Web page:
Perfect around stepping stones, throughout rock gardens, and as a groundcover, Scotch moss is a low, mat-forming perennial that remains an evergreen in zones 3 through 9. Reaching heights of only 1 to 2 inches, Scotch moss (Sagina subulata) has striking chartreuse green or golden spiky foliage and stems that creep along the ground. In the late spring to early summer, Scotch moss blooms with a delicate white flower. With a requirement of light to medium shade, Scotch moss adapts to almost any soil: normal, clay or sandy.
Treat area to be planted with a systemic, non-selective herbicide.
Remove all dead weeds from the area using your rake to loosen and remove them.
Till the soil to a 6-inch to 8-inch depth with your shovel. You may need to use a hand spade in some spots.
Stir in organic matter like peat moss and decayed leaves for good aeration.
Apply 0.454 to 0.907 Kilogram of 5-10-5 (nitrogen-phosphorus-potassium) fertiliser per 100 feet.
Wait two to three weeks before planting to provide time for any remaining perennial weeds and stray grass reappear. Pull up any stubborn perennial weeds and grass by hand or use shallow cultivation to get rid of them.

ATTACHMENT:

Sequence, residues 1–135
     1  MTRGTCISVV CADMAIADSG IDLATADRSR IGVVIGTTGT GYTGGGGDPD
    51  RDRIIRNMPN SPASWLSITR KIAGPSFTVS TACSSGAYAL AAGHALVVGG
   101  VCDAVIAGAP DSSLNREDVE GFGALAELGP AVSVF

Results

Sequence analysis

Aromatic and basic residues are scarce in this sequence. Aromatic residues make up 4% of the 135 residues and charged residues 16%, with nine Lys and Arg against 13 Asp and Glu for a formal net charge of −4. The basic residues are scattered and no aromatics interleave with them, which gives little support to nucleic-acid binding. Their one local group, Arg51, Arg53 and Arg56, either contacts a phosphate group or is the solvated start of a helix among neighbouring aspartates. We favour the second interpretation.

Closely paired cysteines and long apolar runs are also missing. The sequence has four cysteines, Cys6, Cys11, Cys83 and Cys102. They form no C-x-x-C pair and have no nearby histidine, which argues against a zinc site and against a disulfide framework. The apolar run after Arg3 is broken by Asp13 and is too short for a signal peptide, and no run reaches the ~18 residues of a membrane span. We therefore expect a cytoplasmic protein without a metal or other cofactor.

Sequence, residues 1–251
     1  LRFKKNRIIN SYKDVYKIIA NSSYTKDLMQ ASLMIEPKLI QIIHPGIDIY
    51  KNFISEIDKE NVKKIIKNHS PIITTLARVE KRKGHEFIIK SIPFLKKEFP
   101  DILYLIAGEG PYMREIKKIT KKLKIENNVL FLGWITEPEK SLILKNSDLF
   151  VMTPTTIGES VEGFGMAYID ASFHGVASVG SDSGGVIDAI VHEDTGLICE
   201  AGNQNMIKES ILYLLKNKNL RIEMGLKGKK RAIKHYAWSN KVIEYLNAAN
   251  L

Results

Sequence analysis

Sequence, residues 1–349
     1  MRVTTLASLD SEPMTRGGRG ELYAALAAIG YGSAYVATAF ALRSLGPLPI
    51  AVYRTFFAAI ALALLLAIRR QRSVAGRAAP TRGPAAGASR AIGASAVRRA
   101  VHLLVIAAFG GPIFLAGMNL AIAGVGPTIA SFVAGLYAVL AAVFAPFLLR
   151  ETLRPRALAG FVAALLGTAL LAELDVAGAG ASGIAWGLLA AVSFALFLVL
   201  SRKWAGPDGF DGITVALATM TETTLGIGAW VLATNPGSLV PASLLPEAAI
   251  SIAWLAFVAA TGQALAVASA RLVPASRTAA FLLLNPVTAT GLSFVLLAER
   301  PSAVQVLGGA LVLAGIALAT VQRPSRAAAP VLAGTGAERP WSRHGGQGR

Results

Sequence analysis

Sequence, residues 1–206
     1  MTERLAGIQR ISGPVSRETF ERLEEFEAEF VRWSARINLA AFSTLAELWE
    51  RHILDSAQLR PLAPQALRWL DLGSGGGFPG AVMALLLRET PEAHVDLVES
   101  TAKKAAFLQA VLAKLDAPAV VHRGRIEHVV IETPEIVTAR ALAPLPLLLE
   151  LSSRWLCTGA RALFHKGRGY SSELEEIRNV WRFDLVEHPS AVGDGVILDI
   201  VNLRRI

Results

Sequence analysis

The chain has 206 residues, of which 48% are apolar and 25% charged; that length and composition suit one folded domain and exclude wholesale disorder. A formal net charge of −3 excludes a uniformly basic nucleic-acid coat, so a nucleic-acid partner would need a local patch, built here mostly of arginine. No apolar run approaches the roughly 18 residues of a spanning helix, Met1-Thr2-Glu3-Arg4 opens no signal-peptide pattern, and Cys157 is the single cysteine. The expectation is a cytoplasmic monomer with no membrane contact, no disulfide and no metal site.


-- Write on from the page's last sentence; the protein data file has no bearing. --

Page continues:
Plant Scotch moss starter plants 6 to 8 inches apart in a staggered or diamond pattern for best results.
Top with 1 to 2 inches of mulch to keep weeds out and retain moisture.
Water regularly. Do not over water. Soil should be moist, but not wet.
Propagate Scotch moss in the spring by breaking sections off its root ball and replanting.
Pinch back any spent leaves from the Scotch moss.
It is best to plant Scotch moss in the spring or fall. In the fall, tender young plants will require the protection of mulch. Scotch moss may be started indoors from seed by following the seed company's recommendations. When planting Scotch moss in a sloping rock garden or similar area, use netting to keep the plants in place until they are established.
During the heat of summer, Scotch moss can become too leggy and even go dormant from not getting sufficient moisture. It will usually revive as temperatures begin to drop with the changing of seasons.